I’ve had a chapter on reward included in MuseumEtc’s book, ‘For Love or Money‘: Re-engineering the Way Museums Work. However, I would hope the content will be relevant for people working in other sectors too.
For many museums this type of re-engineering may mean a need for less core employees, but with these and other staff being higher paid, as well as for looking at new opportunities in broader reward and recognition.
As shown in figure 4, Barker Langham expects to see:
• The core workforce receiving most of their pay through a high base salary with progression being based on time served and the acquisition of skills to compensate this group for their ongoing commitment and involvement in a broad range of discretionary activities. They may also receive some variable reward linked to overall organisational performance to support their collaboration with other staff in projects, communities and networks but this is likely to be quite limited as incentive pay is not generally a key motivator in the museum sector.
• Peripheral staff receiving a lower base than core employees with pay progression based upon their overall contribution in their jobs and on projects, with, where it makes sense, additional variable payments based on the performance of their departments or the whole organisation.
• Contract staff being paid mainly on a project basis, either for their time if an employee, or for their outputs if a contractor, with pay in either approach reflecting the value of their accumulated experience and expertise. These staff may also be given additional retainers to keep them linked with the museum between projects.
• Contingent staff paid mainly for completing tasks and projects as well as maybe some payments for ideas and innovations and other impacts. These staff may not be paid that much by any one museum, but have the potential to generate high levels of revenue from across their broader portfolio of work.
Museums also need to ensure these different reward approaches are seen as fair by each of the different groups. This will be aided by greater pay transparency, enabling each group to understand the different reward approaches used for each group, if not the actual pay structures used within them.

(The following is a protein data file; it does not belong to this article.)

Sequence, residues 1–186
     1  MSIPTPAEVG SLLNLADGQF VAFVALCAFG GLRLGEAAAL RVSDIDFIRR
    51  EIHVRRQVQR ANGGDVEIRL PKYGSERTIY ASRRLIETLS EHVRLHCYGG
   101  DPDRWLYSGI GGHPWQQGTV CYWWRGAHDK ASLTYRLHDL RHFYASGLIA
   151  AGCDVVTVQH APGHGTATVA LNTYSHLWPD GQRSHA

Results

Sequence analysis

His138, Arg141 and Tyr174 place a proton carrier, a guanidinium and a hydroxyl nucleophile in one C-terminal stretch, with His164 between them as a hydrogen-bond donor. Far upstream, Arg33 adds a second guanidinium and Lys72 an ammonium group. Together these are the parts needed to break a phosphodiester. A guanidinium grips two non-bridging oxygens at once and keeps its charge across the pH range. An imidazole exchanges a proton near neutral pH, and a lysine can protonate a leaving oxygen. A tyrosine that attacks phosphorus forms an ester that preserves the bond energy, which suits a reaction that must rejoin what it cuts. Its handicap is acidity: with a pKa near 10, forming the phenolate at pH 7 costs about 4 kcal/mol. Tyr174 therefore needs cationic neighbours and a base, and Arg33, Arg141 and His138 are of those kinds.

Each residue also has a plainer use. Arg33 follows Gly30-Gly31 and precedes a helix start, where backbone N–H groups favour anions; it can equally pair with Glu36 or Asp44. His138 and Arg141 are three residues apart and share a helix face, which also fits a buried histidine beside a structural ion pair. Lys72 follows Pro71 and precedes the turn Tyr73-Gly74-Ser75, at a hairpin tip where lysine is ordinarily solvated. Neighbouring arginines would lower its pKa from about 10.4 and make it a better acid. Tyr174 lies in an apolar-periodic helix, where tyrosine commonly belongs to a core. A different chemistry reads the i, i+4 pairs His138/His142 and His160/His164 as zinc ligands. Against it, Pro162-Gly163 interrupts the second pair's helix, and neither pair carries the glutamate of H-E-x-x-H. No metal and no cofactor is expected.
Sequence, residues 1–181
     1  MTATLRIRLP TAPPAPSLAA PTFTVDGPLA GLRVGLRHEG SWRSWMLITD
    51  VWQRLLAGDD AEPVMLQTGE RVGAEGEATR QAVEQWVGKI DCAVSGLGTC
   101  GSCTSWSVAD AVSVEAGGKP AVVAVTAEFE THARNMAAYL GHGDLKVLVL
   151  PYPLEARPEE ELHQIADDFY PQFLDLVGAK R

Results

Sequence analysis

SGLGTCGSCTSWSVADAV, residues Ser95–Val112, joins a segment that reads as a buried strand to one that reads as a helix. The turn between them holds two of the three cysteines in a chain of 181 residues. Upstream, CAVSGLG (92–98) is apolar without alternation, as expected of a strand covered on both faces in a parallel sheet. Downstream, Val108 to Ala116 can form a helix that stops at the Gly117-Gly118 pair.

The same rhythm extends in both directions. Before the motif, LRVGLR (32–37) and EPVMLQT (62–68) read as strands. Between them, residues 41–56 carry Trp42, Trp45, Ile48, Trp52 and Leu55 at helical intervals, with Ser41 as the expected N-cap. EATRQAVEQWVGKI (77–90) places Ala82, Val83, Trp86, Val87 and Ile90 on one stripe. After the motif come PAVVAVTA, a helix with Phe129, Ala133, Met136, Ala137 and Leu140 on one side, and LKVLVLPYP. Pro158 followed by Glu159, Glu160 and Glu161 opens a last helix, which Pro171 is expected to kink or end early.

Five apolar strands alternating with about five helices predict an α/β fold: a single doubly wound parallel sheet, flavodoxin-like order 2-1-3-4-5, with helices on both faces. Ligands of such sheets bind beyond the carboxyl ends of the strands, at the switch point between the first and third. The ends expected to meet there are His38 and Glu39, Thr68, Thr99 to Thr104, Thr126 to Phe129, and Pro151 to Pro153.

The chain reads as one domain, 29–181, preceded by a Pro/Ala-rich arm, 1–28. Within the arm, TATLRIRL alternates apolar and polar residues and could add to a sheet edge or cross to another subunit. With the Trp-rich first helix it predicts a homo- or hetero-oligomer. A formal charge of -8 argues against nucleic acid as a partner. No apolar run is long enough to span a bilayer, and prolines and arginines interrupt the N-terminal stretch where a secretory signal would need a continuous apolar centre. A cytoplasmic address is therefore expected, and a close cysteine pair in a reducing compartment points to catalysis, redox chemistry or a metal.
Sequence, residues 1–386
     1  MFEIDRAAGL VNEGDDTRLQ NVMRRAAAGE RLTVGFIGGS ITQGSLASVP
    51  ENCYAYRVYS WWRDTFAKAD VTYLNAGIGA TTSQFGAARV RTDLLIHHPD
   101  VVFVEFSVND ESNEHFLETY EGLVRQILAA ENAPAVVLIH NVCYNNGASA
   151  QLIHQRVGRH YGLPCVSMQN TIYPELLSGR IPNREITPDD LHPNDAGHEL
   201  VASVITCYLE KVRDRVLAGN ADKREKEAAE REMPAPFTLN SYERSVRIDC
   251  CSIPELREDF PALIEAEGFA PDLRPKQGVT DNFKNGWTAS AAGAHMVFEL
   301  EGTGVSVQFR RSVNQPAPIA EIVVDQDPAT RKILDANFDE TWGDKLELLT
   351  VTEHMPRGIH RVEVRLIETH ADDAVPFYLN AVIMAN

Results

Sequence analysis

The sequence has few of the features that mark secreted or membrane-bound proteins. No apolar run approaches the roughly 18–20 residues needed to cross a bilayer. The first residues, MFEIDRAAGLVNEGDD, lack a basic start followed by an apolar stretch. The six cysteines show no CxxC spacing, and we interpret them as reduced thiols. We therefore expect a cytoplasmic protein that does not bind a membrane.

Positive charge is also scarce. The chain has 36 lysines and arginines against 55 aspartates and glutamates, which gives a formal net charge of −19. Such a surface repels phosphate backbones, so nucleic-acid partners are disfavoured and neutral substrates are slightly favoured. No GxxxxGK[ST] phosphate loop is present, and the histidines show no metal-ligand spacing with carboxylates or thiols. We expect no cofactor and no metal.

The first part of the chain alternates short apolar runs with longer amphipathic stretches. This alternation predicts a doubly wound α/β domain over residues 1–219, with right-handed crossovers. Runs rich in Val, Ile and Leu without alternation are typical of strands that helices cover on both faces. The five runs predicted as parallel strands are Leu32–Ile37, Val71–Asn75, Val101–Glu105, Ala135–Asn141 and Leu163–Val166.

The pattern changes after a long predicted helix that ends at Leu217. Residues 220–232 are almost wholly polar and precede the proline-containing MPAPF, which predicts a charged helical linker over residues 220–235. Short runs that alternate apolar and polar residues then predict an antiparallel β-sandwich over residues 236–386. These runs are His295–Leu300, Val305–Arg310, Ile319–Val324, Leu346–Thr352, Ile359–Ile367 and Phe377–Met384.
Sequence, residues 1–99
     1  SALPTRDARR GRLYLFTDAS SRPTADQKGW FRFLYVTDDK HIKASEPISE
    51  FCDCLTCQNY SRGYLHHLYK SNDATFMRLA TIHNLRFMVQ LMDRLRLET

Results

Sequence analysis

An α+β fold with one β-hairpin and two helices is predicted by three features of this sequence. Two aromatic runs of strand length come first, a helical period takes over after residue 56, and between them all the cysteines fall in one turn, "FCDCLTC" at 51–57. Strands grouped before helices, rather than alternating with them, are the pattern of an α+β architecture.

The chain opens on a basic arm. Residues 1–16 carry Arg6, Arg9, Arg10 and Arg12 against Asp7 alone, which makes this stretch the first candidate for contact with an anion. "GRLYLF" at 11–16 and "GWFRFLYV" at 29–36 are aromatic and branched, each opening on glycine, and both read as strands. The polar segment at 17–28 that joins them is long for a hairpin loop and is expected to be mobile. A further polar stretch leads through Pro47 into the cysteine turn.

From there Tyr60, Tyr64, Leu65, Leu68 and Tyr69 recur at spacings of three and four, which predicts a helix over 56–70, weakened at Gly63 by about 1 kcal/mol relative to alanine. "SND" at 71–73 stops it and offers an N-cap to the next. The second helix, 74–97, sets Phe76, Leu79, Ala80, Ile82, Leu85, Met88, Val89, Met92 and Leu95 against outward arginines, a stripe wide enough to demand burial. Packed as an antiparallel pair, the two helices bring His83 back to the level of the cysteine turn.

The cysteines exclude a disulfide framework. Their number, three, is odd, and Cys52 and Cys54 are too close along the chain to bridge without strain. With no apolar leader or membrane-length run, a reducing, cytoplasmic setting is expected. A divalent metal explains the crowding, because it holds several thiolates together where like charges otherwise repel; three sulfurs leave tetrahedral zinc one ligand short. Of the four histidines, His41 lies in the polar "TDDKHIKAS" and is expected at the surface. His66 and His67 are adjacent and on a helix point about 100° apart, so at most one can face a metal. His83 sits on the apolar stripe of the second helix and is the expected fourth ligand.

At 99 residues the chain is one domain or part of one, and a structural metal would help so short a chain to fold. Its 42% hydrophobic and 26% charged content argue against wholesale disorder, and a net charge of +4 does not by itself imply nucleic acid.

To support collaboration across the workforce we expect to see reducing pay differentials within museums so that on an overall balance sheet based perspective, there is both a reasonable pay ratio between the most valuable core employee, and perhaps the lowest paid contingent worker (on a pro rata basis), and that this ratio is also perceived as fair within each of these different categories. This will also respond to increasing shareholder and public concern about executive pay and increasing pressure on both minimum wages and the immigration of cheap labour in some geographies, including the US and UK.
However, as identified earlier on, pay is not the only motivator in any organisation and museum staff in particular are motivated by a range of other factors. We therefore expect to see more use of benefits and other personalised support, helping to meet the varied needs of a more diverse workforce, together with increased use of recognition and maybe other approaches like gamification to maintain levels of engagement, for at least as long as levels of pay remain low.
Re-engineering the work and staffing of museums aided by digital technologies and approaches offers the potential for museums to find ways of moving from a focus on efficiency and saving money (a bad jobs strategy) to one focused on value and experience (a good jobs strategy). Whilst museums should follow this approach to ensure their own success and engage more customers positively in their domain, it would also support fairer rewards for the staff working in this sector.